According to the UNHCR migrants choose to move not because of a direct threat of persecution or death, but mainly to improve their lives by finding work, or in some cases for education, family reunion, or other reasons. Unlike refugees who cannot safely return home, migrants face no such impediment to return. If they choose to return home, they will continue to receive the protection of their government.

The difference between migrant and refugee is important. The international convention in 1951 outlined certain rights for refugees, whereas migrants have no such rights. As I wrote before refugees are protected from being deported or returned to situations that might threaten their lives. They are to be given access to social services and to be integrated into their new country’s society. Migrants, on the other hand, are subjected to a country’s immigration laws and procedures and can be turned away or deported back to their homeland.

When is someone a displaced person?

There are about 80 million forcibly displaced people worldwide. That doesn’t mean that all of them are refugees. 26 million of them are refugees and 45.7 million of them are internally displaced people. But what does that mean? And what is the difference?

Displaced people include internally displaced people (people who remain in their own countries) as well as refugees (people who cross international borders).

According to the WHO (World Health Organisation) displaced people are; people who have had to leave their homes as a result of a natural, technological or deliberate event.

UNHCR and United Nations Guiding Principles on Internal Displacement define an IDP (Internally Displaced Person) as a person who have not crossed a border to find safety. Unlike refugees, they are on the run at home. So IDPs stay within their own country and remain under the protection of its government, even if that government is the reason for their displacement.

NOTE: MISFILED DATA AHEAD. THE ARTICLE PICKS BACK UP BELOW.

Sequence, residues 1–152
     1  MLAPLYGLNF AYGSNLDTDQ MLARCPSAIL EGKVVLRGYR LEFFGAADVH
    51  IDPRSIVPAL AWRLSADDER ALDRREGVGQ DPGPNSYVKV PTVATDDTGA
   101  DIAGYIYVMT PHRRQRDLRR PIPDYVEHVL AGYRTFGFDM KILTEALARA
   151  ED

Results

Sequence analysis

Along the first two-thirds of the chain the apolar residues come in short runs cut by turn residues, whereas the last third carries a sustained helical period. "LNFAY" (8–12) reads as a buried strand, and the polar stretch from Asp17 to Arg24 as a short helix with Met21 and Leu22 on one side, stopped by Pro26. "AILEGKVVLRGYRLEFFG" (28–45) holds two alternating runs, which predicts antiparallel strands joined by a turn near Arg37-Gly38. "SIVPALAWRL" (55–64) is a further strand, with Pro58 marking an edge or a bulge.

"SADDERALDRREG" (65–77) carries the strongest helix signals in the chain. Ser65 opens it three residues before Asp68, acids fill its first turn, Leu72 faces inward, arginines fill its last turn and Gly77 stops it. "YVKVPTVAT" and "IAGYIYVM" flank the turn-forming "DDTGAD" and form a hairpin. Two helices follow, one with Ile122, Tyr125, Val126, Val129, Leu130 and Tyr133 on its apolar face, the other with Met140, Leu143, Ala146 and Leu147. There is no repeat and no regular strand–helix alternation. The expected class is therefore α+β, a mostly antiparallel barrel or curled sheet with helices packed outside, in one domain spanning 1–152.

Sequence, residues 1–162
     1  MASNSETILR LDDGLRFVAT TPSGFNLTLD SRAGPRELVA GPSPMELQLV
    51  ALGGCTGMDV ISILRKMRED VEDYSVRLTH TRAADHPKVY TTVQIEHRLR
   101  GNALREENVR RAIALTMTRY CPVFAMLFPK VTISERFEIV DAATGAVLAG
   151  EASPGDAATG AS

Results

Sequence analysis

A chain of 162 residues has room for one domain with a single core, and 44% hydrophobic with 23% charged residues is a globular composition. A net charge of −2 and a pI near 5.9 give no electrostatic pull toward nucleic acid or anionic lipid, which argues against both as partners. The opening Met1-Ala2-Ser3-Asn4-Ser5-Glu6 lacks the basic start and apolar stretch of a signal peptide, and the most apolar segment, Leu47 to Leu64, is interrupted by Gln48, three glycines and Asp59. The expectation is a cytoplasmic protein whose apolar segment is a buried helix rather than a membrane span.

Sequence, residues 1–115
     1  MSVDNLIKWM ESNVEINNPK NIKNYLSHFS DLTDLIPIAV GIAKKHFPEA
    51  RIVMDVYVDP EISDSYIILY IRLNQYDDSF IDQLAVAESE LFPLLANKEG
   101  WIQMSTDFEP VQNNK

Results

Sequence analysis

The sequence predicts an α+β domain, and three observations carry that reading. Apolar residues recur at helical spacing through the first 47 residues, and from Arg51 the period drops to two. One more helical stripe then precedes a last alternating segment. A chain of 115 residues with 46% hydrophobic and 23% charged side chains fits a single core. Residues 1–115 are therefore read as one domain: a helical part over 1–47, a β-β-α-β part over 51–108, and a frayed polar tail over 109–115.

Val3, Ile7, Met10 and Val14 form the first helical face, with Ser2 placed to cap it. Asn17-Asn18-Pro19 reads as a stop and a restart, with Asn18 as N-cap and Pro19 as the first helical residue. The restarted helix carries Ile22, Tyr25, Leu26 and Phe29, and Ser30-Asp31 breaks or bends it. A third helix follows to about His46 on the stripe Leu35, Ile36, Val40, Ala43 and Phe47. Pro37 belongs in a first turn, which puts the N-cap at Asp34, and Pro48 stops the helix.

IDPs, being inside their country, remain entitled to all the rights and guarantees as citizens and other habitual residents of their country. As such, national authorities have the primary responsibility to prevent forced displacement and to protect IDPs. So, you might undestand why people cross the border..

What is meant with ‘asylum-seeker’?

According to the UNHCR asylum-seekers are individuals who have sought international protection and whose claims for refugee status have not yet been determined.

Amnesty International defines an asylum-seeker as a person who has left their country and is seeking protection from persecution and serious human rights violations in another country, but who hasn’t yet been legally recognized as a refugee and is waiting to receive a decision on their asylum claim. Seeking asylum is a human right. This means everyone should be allowed to enter another country to seek asylum.

Every year, around one million people seek asylum.

National asylum systems are in place to determine who qualifies for international protection. However, during mass movements of refugees (like what was happening in 2015 when thousands of refugees arrived in Turkey, Lebanon and Greece or in 2019 when Venezuelans arrived in Colombia), usually as a result of conflict or violence, it is not always possible or necessary to conduct individual interviews with every asylum-seeker who crosses a border. These groups are often called ‘prima facie’ refugees.

Seeking asylum is a human right!